Why the Jets are so high on rookie wide receiver Elijah Moore – .

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Why the Jets are so high on rookie wide receiver Elijah Moore – .


If you were to attend a Jets training camp practice without knowing who was who on the field, with no names on the shirts, no idea which player is making $ 15 million a year and which are undrafted guys trying to make the squad, he would be a player who would jump on you no matter how little football you knew.

The question you would ask would be, “Who is No. 8?” “

That would be Elijah Moore, the Jets rookie wide receiver who plays every day in training camp and could end up being the franchise’s best draft pick in years.

Is it premature to put him in Canton, as Bill Parcells might say? Yes, but it’s hard not to think of the possibilities as you watch Moore make spectacular catches every day in practice. He catches whatever is thrown at him. If fellow rookie Zach Wilson puts the ball behind him, he adjusts. If he’s in front of him, he’s about to get it.

Its capacity is obvious. You can feel his speed as he runs against other NFL players. His course is precise and his hands sticky. It was these traits that made the Jets fall in love during the predrafting process. Jets recruiter Alonzo Dotson called Moore’s professional day at Ole Miss one of the best he has ever attended.

But the Jets have learned that there is more to love about Moore than his raw talent. Since joining the team, the coaches have loved Moore’s work ethic and the way he behaves. Moore acts more like a 10-year veteran than a player who has yet to play in an NFL game.

Elie Moore
Elie Moore
Bill Kostroun

“He really wants to improve, he wants everything,” Jets coach Robert Saleh said. “He wants all the information, he wants all he can get on the grass. I think it’s more a testament to the character than to his play and what we ask him, because we all ask them the same thing. He is special, in this regard.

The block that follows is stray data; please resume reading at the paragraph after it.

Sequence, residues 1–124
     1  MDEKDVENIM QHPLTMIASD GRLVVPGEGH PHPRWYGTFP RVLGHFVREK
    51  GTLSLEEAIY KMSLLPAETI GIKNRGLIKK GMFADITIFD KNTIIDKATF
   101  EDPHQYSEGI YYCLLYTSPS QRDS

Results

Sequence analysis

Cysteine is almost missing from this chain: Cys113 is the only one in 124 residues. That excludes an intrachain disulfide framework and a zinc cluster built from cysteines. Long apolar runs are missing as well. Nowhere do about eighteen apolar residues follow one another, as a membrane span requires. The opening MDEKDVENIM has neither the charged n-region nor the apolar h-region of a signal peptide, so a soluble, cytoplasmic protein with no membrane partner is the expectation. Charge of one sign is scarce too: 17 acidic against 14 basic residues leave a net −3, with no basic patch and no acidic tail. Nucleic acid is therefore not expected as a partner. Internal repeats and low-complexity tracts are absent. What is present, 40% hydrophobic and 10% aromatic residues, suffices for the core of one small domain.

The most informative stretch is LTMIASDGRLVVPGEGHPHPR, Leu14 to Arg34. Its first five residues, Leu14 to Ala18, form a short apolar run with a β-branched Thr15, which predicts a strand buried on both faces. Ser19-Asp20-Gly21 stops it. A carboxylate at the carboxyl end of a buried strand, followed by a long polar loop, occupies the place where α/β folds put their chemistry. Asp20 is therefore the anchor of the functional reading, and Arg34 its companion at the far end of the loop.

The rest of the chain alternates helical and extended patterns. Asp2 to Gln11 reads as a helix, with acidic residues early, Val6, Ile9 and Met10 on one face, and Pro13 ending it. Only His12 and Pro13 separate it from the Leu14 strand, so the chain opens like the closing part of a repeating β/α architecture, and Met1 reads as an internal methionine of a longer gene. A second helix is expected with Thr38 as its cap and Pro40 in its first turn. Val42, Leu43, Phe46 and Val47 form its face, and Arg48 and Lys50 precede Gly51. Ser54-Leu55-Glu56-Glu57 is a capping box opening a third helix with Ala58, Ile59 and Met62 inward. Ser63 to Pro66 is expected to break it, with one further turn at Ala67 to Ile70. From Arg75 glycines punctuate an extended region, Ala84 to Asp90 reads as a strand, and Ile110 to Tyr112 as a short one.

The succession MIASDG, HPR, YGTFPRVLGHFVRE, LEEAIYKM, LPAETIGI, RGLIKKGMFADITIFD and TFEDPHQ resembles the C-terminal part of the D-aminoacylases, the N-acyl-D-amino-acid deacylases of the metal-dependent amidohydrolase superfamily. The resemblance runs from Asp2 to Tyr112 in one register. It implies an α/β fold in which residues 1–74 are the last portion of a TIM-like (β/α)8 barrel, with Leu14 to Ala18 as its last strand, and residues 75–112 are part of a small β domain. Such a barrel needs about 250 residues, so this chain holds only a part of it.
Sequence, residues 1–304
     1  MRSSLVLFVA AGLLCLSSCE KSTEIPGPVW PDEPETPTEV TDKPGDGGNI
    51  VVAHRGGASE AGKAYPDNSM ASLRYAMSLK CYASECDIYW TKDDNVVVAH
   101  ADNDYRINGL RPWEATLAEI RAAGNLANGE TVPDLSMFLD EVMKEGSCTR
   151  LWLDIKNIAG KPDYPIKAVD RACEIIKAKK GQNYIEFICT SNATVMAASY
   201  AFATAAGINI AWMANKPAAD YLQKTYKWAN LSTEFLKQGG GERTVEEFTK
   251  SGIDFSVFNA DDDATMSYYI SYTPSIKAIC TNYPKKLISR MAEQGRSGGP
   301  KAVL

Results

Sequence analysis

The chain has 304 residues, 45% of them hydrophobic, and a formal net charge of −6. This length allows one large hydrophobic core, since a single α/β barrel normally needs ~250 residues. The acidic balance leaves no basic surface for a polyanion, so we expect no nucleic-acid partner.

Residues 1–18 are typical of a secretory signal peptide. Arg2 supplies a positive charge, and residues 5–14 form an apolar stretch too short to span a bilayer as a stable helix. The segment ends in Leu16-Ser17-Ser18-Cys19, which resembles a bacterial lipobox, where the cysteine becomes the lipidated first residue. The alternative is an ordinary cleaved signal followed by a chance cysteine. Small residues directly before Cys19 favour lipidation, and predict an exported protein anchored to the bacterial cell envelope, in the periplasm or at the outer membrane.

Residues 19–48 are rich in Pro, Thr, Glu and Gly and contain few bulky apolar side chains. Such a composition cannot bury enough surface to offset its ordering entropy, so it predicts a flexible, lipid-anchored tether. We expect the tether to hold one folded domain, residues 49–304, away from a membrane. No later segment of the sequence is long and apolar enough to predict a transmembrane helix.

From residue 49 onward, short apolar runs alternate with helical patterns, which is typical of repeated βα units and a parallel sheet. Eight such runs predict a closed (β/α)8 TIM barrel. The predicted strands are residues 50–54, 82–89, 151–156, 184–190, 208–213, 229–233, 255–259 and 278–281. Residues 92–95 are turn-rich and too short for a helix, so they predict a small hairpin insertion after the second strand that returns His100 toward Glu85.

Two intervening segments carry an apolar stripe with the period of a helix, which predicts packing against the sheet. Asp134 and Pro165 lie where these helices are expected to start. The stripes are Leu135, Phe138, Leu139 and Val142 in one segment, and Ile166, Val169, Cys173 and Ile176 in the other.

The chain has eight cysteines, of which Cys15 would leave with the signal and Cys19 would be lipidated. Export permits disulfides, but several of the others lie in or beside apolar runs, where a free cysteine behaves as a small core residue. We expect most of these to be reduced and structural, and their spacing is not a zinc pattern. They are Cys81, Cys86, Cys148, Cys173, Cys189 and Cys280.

Moore will be on display Saturday night at MetLife Stadium as the Jets perform their annual green and white practice. It will be the first time for many fans to lay eyes on Moore and see what all the hype is about.

You can bet he and Wilson will hook up for at least a “wow” moment as they get used to their new home office.

The Jets drafted Moore with the No. 34 overall pick, shocked that he was still available. They considered taking him on with their second first-round pick at 23 before trading for guard Alijah Vera-Tucker. When Moore was available in the second round, there was jubilation in the draft hall.

Jets general manager Joe Douglas told Moore they were sweating, hoping the Jaguars wouldn’t take him with the first pick in the second round. When Saleh got the phone to speak to Moore, his glee poured out of him.

“Elijah, let’s go man,” Saleh shouted as he hit the table in front of him.

“We were pretty darn excited when he crashed,” Saleh said this week. “It was a serious conversation at 23 if he had made it. Obviously we had gone upstairs to pick up Vera-Tucker. If you had said we would walk away with these three plus Michael Carter in the fourth round, I would have asked you what you were smoking.

Moore’s selection could break a terrible draft pick streak on wide receiver for the Jets. You have to go back to Keyshawn Johnson in 1996 to find a receiver chosen by the Jets who made a Pro Bowl with the team.

They’ve also gotten into the habit of sniffing out receivers in the second round. Reggie Rembert, Ryan Yarborough, Alex Van Dyke, Stephen Hill and Devin Smith have all failed with the Jets (the jury is out on 2020 second round Denzel Mims).

During their pre-project meeting on Moore, Deputy Managing Director Rex Hogan said, “I think this kid is the total package for us. “

So far it has been prophetic.

It’s still early days, but Jets fans deserve some hope and Moore delivered a few early in training camp. He is now bringing the show to East Rutherford for what could be the first of many shows he puts on there.

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